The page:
Illegal, unreported, and unregulated (IUU) fishing is a global issue. Each year, global economic losses resulting from IUU fishing are estimated to lie between U$10 billion and U$23 billion. It has also been linked to habitat degradation and overfishing, the undermining of management plans to recover overexploited stocks, slavery, and threaten food security and employment. It is considered to be a wicked problem – there is no easy solution or technical fix. To combat IUU fishing, we need to consider the natural, social, and governance factors surrounding the issue.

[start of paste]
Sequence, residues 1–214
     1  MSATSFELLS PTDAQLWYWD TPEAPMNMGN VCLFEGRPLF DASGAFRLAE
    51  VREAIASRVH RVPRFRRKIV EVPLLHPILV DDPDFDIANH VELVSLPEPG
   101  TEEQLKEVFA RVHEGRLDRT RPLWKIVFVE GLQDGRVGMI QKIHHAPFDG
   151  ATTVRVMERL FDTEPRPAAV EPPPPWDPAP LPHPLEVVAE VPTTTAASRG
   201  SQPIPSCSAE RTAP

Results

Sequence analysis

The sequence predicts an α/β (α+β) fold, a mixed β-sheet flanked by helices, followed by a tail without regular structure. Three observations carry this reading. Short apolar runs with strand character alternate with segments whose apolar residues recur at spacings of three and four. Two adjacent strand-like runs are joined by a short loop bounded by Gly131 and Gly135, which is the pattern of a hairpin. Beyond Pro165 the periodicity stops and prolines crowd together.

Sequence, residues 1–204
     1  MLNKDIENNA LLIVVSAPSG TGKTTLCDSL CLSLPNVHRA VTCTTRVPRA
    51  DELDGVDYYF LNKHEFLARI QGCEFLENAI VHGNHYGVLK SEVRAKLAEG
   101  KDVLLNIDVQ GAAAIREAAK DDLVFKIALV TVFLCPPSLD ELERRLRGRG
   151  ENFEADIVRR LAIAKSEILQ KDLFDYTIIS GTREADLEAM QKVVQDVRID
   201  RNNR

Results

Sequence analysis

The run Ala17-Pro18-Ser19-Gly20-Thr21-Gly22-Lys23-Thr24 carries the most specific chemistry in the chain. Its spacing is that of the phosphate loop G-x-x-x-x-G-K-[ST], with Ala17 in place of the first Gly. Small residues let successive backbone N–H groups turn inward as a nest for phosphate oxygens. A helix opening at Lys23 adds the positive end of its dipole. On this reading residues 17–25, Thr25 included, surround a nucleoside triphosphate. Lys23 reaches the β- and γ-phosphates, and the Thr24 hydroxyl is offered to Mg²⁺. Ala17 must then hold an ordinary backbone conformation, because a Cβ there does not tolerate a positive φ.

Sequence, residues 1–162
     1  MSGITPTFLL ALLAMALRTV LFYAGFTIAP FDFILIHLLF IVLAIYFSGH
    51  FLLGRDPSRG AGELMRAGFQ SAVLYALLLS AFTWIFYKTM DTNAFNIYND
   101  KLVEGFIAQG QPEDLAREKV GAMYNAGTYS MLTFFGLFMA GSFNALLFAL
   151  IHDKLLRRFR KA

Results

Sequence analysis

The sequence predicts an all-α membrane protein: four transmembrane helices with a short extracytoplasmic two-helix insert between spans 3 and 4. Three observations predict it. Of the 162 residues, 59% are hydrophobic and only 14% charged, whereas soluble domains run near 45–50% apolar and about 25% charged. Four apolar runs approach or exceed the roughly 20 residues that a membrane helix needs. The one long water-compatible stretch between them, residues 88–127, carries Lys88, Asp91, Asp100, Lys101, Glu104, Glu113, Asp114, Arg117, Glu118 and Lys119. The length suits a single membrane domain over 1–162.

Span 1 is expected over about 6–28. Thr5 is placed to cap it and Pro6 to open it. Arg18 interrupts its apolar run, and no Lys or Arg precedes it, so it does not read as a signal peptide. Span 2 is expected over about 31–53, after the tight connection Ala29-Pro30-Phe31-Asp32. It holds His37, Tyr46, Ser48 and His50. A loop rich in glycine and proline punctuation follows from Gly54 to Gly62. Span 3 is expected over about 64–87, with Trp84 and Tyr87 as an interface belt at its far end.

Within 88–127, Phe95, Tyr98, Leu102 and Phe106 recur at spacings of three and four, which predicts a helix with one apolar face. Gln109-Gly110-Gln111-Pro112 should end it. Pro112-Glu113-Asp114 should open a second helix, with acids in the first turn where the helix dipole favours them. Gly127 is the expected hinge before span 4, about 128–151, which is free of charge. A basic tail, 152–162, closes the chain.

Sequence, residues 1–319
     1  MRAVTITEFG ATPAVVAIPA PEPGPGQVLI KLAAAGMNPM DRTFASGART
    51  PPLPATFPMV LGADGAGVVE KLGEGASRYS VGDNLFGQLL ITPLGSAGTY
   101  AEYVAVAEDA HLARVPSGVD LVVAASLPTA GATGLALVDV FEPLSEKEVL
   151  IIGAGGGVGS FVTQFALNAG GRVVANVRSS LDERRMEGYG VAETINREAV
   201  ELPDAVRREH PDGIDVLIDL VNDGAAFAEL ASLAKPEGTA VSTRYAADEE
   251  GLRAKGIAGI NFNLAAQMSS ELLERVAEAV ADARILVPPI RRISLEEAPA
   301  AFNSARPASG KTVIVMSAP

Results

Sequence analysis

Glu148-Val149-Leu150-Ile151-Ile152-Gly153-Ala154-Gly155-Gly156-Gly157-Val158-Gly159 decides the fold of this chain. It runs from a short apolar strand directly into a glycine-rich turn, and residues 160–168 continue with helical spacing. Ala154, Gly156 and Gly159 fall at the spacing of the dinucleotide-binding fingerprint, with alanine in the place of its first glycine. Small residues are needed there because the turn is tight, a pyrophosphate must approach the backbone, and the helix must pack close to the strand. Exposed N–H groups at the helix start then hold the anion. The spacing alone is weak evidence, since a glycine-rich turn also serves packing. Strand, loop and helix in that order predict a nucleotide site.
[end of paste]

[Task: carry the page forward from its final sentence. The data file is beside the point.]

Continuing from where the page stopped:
Understanding how different perceptions as to what constitutes as IUU fishing, Jospeh Luomba - a graduate student with Memorial University of Newfoundland argues, is crucial for understanding why IUU fishing can continue, even when programs to eradicate the issue have been developed.
Lake Victoria is the second largest freshwater lake by surface area in the World, and the largest in Africa. Bordered by Tanzania, Kenya, and Uganda, Lake Victoria also supports the largest inland fishery in Africa.
This article was written for (and can be read in full on) The Fish Site.